When examining the effect on the labor market of post-secondary education in a particular state, researchers often use administrative outcome data – statewide statistics that look at university graduates and the effect on their employment. Yet when those graduates leave the state, their outcomes are not recorded. This attrition creates a bias in the research.
In their working paper, “Attrition from Administrative Data: Problems and Solutions with an Application to Postsecondary Education,” published with the National Bureau of Economic Research, Kevin Stange, associate professor of public policy, and Andrew Foote, senior economist at the U.S. Census Bureau, explores the potential magnitude of that bias.
“We find that out-of-state migration is particularly problematic for high-earners, flagship graduates, and certain majors. Consequently, the effect of graduating from a flagship university is 10% higher than one would estimate using in-state earnings exclusively, though the extent of bias differs substantially across contexts.” they write.
The researchers begin by examining how significant out-of-state migration is for recent college graduates, which is important to track since many state merit-aid programs aim to retain talented alumni.
“We find that migration out of state is considerable, approaching 30% even among graduates attached to the labor force,” they conclude. “Furthermore, it is not ignorable, as mobility is higher for students at the higher end of the earnings distribution, for certain majors, and for certain institutions.”
Stange and Foote then break down this migration-induced bias by three categories: college selectivity, major, and attainment. When it comes to college selectivity, the researchers find that graduates at the most selective universities do earn more than those attending non-flagship universities, but state records understate this pattern.
Looking at differences in college majors, they find that, “in-state earnings mischaracterize the earnings premium associated with different majors due to differential out-of-state migration.” And, finally, regarding attainment, Stange and Foote find “that the earnings gain associated with obtaining a degree in Career Technical Education (CTE) at a public two-year college is 0.01 log point higher than in-state earnings would suggest.”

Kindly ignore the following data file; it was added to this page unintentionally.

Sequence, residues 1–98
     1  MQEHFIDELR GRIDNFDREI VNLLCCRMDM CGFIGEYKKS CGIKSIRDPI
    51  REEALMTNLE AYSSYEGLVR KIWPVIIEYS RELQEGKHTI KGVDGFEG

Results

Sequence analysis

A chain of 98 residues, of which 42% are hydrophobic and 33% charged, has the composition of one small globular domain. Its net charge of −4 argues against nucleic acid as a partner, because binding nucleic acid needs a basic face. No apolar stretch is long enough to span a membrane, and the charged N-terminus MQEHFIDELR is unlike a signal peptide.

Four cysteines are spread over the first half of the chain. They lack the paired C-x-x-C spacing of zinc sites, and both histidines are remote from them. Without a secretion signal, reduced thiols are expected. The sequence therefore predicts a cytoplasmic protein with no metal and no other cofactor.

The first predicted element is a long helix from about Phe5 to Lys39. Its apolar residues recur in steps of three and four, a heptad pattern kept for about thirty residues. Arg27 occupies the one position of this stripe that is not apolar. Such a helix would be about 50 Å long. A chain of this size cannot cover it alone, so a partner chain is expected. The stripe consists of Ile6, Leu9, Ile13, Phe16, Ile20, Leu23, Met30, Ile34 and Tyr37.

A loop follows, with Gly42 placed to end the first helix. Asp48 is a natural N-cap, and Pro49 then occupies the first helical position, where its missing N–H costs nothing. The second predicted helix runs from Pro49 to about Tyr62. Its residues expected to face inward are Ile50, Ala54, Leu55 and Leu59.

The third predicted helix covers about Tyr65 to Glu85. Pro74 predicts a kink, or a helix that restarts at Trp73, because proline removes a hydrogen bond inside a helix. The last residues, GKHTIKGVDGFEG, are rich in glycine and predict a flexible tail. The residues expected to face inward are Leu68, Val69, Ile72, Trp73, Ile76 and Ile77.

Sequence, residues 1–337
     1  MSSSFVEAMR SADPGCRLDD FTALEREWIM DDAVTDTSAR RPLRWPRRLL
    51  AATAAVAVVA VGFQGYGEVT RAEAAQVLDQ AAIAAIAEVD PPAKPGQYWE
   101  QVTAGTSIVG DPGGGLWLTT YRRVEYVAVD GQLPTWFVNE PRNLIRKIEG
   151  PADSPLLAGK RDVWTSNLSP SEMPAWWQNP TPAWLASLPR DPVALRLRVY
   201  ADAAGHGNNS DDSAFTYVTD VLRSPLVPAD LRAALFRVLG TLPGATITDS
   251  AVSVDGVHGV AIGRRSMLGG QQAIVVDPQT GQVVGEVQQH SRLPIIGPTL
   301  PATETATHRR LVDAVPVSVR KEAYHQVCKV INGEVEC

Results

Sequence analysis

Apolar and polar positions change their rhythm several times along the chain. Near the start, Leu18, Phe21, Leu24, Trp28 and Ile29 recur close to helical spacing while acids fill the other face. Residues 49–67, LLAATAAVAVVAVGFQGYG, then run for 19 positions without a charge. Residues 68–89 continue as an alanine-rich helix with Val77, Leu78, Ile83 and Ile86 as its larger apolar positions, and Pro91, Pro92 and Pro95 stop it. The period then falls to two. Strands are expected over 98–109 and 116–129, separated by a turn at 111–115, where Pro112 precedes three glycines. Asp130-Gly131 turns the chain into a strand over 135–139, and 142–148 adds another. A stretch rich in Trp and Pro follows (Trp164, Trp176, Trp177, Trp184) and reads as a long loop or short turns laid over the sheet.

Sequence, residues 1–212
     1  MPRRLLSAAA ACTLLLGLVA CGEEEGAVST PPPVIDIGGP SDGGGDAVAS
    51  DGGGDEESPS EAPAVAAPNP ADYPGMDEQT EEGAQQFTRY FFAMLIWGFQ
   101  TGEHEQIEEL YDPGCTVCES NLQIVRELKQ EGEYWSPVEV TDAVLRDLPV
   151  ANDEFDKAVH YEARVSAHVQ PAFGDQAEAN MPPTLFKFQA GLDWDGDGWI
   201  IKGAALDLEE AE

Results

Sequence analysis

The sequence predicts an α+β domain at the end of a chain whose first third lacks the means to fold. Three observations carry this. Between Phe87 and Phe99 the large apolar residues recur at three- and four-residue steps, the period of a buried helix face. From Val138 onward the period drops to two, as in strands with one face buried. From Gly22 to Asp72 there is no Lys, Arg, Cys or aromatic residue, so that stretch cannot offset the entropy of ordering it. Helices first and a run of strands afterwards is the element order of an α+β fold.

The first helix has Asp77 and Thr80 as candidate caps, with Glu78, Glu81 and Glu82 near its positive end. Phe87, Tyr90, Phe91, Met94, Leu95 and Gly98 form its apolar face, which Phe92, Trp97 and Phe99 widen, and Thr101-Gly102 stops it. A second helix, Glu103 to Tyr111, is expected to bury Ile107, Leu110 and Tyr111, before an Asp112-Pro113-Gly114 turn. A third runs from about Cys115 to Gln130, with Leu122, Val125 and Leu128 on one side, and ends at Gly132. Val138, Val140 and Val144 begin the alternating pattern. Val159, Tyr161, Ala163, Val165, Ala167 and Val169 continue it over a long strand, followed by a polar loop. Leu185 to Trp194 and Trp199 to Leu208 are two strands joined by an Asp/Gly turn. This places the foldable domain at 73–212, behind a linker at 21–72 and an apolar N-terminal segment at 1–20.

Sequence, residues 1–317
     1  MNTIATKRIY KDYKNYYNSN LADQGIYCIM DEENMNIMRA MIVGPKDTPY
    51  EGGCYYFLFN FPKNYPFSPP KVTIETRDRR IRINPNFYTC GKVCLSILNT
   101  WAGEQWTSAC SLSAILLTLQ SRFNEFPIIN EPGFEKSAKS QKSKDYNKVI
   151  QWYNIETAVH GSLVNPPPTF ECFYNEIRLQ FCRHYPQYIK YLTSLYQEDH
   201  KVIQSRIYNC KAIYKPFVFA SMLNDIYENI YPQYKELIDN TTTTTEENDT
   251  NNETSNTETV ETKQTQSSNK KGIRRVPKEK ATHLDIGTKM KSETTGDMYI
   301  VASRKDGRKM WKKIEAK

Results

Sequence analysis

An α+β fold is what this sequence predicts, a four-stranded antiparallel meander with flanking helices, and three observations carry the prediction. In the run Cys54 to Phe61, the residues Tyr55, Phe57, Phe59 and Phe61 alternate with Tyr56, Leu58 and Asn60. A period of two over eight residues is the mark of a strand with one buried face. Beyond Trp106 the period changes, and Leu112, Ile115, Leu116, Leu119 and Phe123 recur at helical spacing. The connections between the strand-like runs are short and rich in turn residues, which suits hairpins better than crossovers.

After diving into the labor market consequences of college choices, Stange and Foote provide researchers with four lessons about addressing bias arising from attrition:
- “Bias is reduced when the sample is conditioned on having positive observed earnings.”
- “A sensible test of the potential for bias is whether the rate of in-state earnings being observed differs between treatment and control groups.”
- “The Lee (2007) bounding approach is likely inappropriate in this setting given the failure of the monotonicity assumption and bounds are wide and uninformative.”
- “Self-employment is not a major source of differential attrition or bias in the three applications we examined.”
The authors conclude with describing the implications of migration for states. They find that states disproportionately lose their highest-paid alumni and an ability to follow those students out of state is a barrier to evaluating state merit-aid programs' ability to retain talent. Stange and Foote also find that as a result of systematic differences in rates of out-migration, earnings estimates published by states tend to understate earnings differences between institutions and fields.
“While most authors have recognized the potential for bias, prior work has not had access to data that would permit them to directly test the extent of bias,” Stange and Foote conclude. “This study takes advantage of a unique match between postsecondary records from five states with administrative records nationally, permitting us to quantify the extent of bias due to out-of-state migration among U.S. college graduates.”
The working paper was featured in The Hechinger Report:
Payoff for state flagships is 10 percent larger than published data indicate, The Hechinger Report, August 15, 2022More news from the Ford School